- nitrate r. the process of r. used by some anaerobic organisms, in which nitrate rather than molecular oxygen is used to oxidize organic molecules to obtain energy.
- paradoxical r. deflation of the lung during inspiration and inflation of the lung during the phase of expiration; seen in the lung on the side of an open pneumothorax.
- puerile r. an exaggeration of the normal respiratory sounds, heard in children and in adults after exertion.
- stertorous r. harsh, noisy breathing usually heard in a comatous patient. SYN: stertorous breathing.
- sulfate r. the process of r. used by some anaerobic organisms, in which sulfate rather than molecular oxygen is used to oxidize organic molecules to obtain energy.
- thoracic r. r. effected chiefly by the action of the intercostal and other muscles that raise the ribs, causing expansion of the chest. SYN: costal r..
- tissue r. the interchange of gases between the blood and the tissues. SYN: internal r..
- tubular r. high-pitched bronchial r..
- vesicular r. the respiratory murmur heard on auscultating over the normal lung. SYN: respiratory murmur, vesicular murmur.
- vesiculocavernous r. cavernous r., due to the presence of a cavity, mingled with the vesicular murmur of the surrounding normal lung tissue.

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res·pi·ra·tion .res-pə-'rā-shən n
1 a) the movement of respiratory gases (as oxygen and carbon dioxide) into and out of the lungs
b) a single complete act of breathing <30 \respirations per minute>
2) the physical and chemical processes (as breathing and diffusion) by which an organism supplies its cells and tissues with the oxygen needed for metabolism and relieves them of the carbon dioxide formed in energy-producing reactions
3) cellular respiration

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n.
the process of gaseous exchange between an organism and its environment. This includes both external respiration, which involves breathing, in which oxygen is taken up by the capillaries of the lung alveolus and carbon dioxide is released from the blood, and internal respiration, during which oxygen is released to the tissues and carbon dioxide absorbed by the blood. Blood provides the transport medium for the gases between the lungs and tissue cells. In addition, it contains a pigment, haemoglobin, with special affinity for oxygen. Once inside the cell oxygen is utilized in metabolic processes resulting in the production of energy (see ATP), water, and waste materials (including carbon dioxide). See also lung.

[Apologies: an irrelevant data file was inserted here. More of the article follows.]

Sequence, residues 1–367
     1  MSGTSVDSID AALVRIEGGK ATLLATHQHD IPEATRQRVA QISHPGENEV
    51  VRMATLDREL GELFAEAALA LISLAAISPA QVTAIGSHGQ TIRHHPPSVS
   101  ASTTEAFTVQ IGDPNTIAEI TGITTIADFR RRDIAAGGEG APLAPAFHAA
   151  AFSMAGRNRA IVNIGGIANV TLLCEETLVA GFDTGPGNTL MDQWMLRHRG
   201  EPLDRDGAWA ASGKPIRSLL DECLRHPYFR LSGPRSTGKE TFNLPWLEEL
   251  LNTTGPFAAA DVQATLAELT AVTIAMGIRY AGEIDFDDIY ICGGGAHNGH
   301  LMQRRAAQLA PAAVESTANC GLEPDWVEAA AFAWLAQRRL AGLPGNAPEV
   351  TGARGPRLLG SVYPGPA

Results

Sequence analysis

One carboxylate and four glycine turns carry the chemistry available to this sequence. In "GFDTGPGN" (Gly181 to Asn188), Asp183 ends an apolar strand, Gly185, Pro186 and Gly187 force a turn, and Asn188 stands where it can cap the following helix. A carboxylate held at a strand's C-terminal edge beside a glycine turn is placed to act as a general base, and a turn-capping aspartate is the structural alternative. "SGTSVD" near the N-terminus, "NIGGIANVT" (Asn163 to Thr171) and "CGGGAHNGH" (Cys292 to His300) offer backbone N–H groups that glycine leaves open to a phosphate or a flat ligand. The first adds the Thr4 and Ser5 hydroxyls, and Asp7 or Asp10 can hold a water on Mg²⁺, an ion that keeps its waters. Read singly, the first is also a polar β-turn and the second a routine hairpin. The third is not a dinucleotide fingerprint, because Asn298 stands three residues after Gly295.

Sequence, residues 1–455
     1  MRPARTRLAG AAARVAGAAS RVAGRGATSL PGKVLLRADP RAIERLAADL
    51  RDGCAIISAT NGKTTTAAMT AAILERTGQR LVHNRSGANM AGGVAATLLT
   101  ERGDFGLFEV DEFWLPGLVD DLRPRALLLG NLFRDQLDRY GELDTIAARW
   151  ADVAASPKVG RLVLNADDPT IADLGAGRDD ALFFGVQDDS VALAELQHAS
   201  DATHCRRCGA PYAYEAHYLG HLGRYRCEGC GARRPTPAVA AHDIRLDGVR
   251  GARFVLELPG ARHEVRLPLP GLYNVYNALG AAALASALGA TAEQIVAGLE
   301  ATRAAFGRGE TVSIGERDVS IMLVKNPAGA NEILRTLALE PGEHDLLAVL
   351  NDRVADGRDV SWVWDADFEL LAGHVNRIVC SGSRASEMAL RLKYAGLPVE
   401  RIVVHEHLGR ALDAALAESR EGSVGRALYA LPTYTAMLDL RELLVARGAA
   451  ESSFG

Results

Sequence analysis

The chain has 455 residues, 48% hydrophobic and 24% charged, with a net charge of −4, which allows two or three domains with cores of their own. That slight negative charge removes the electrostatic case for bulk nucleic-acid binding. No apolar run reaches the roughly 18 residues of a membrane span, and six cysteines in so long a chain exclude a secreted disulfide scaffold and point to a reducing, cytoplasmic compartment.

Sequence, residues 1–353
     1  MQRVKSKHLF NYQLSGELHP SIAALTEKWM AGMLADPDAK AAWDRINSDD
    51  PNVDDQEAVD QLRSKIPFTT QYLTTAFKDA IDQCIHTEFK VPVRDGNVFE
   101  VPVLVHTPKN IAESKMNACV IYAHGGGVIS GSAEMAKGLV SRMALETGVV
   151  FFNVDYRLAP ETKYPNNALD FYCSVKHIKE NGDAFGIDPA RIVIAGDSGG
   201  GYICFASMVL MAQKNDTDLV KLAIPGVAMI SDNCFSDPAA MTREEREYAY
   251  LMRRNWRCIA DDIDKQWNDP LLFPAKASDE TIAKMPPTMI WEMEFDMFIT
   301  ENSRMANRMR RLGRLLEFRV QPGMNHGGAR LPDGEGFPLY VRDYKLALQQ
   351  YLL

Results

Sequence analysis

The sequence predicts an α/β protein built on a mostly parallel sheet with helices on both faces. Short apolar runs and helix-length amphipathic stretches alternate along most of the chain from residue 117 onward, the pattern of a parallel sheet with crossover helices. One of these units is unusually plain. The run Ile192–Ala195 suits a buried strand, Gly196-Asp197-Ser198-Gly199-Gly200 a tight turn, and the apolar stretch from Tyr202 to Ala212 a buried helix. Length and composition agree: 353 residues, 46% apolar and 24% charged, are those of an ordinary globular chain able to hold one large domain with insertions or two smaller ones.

respiratory adj.

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res·pi·ra·tion (res″pĭ-raґshən) [L. respiratio] 1. the exchange of oxygen and carbon dioxide between the atmosphere and the cells of the body. The process includes ventilation (inhalation and exhalation), the diffusion of oxygen from pulmonary alveoli to the blood and of carbon dioxide from the blood to the alveoli, and the transport of oxygen to and carbon dioxide from the body cells. Symbol R. 2. ventilation (def. 2). 3. the metabolic processes by which cells generate energy, chiefly in the form of ATP, by the oxidation of organic molecules such as glucose, with the release of carbon dioxide, water, and other oxidized products; called also cell or cellular r.

Medical dictionary. 2011.